My Experience: This exhibition was interesting because there was a lot going on in the gallery. After reading the artist’s statement I understood everything a little better. It was a pretty sad atmosphere walking through it because you could sense the heartbreak and emotions from the rejection. I thought the string idea was really cool because it connected all these photographs into one giant piece in a gallery. I can’t even imagine what it’d be like to get rejected from something you love doing. It’s even sad to think about. I hope Daniel was able to get into the program.
At the gardens this week, I talked to Janett Moctezuma. She is a fifth year and is a health science major. She’s graduating next semester and she’s currently applying for nursing school. Her ultimate career goal is to become a pediatric nurse practitioner. She is a secretary for the health science student association and a member of Eta Sigma Gamma, which is a national honor society. Not only is she an active member of two clubs, but she also works two jobs. She is a student assistant at CSULB’s human development department and a caregiver for Cambrian Homecare. She has three dogs and loves the color pink. She was born in the same city as I was, Anaheim, but has lived in Compton. When asked if she would support her child in pursuing an art career, she said yes she definitely would. She said she believed that people should pursue a career in what they are most passionate about because that’s what they’ll enjoy. If her child loves the art field, she’s going to motivate her child to be great and successful. She wouldn’t want to persuade her child to pursue a career in something they don’t want to do.
Janett’s website: https://janettemm.wordpress.com/
Artist: Dulce Soledad Ibarra
Exhibition: Manos de Oro
Media: Mixed media, video installation, sculpture
Gallery: CSULB School of Art, Max L. Gatov Gallery East
About Dulce: Dulce is a senior at Long Beach and she is getting her BFA in sculpture. She first wanted to major in graphic design but decided that sculpting was more her thing. Her family is from Mexico but she was raised in Chino. Growing up, Dulce was embarrassed by her background. Her dad had hopes of becoming a lawyer when he crossed to the US but ultimately gave up his dream in order to save for the future plans. Dulce made this exhibition for her dad.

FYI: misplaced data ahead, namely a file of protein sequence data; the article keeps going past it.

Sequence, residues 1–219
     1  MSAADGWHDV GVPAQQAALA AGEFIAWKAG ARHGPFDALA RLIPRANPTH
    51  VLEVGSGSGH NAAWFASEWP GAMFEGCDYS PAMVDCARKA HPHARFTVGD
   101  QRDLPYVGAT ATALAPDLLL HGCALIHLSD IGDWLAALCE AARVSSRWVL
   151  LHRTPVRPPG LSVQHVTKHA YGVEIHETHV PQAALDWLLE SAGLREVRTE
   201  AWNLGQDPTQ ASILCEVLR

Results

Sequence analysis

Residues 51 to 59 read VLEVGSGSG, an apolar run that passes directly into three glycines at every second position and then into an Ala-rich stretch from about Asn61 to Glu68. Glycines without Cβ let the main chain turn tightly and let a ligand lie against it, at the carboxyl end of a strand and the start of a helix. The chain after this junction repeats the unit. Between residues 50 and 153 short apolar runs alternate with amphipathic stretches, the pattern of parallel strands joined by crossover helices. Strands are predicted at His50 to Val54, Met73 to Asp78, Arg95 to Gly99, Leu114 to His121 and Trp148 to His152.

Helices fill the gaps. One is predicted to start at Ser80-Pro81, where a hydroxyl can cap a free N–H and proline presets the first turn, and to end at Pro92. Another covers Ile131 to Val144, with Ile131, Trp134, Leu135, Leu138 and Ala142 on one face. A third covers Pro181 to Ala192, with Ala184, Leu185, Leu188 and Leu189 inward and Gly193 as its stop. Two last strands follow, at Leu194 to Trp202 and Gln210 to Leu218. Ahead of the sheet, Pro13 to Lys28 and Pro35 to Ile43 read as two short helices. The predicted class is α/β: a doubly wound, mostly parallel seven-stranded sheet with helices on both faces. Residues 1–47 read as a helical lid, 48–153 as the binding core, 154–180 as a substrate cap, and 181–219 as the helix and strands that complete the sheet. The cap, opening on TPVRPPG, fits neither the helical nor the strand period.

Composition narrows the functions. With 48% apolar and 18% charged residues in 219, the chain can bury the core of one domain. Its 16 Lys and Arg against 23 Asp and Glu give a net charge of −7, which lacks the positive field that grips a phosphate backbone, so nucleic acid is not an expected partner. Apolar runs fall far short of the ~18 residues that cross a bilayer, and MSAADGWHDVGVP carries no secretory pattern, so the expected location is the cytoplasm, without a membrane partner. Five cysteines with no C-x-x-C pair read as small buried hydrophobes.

Formal Analysis: Around the gallery, you could see gardening tools covered in gold. The tools included a lawnmower, shears, a rake, and shovels. There were also brown bags of grass clippings and yard waste. There was also a video playing in the other room of her dad in his work uniform, working. At some point, her dad switches to Dulce. Or better put, Dulce is wearing her father’s work uniform and cutting away at a hedge.
Content Analysis: This exhibition is a reflection of how Dulce sees her dad’s hard work. As a child, Dulce had a hard time being proud of her family background. Her dad worked as a gardener, mowing other people’s lawn and working on yards. For some, this job can be seen as a poor man’s job since it requires a lot of physical labor. The significance of the gold is that it is a luxury in all cultures. Growing up, Dulce failed to realize that it was okay to come from a lower/middle class background. Her dads lifestyle is actually the real gold.
My Experience: This exhibition definitely touched me emotionally. I could relate to it so much. I came up from a lower middle class family. My mom didn’t work and my dad worked as a pizza delivery driver. I didn’t like to tell my friends that because everyone else’s parents were teachers or nurses or business owners. Walking through the gallery, I mostly felt sad. Dulce talked about something called survivors guilt. She said she feels bad now because her dad sacrificed so much to provide her with as much as possible and she hadn’t realized. I also feel the same way with my parents. My dad has been and still is working 60-80 hours a week and I’m scared I won’t be able to repay him for everything he’s done. This exhibition was just another reminder to appreciate my parents and everything they’ve done because they have been through hell and back.